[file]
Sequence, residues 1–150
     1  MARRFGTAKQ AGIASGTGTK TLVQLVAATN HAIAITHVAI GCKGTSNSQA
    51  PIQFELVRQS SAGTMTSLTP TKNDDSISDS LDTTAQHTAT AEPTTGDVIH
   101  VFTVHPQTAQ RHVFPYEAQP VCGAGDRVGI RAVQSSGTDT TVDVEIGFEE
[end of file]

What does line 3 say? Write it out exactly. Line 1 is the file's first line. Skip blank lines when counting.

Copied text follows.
    51  PIQFELVRQS SAGTMTSLTP TKNDDSISDS LDTTAQHTAT AEPTTGDVIH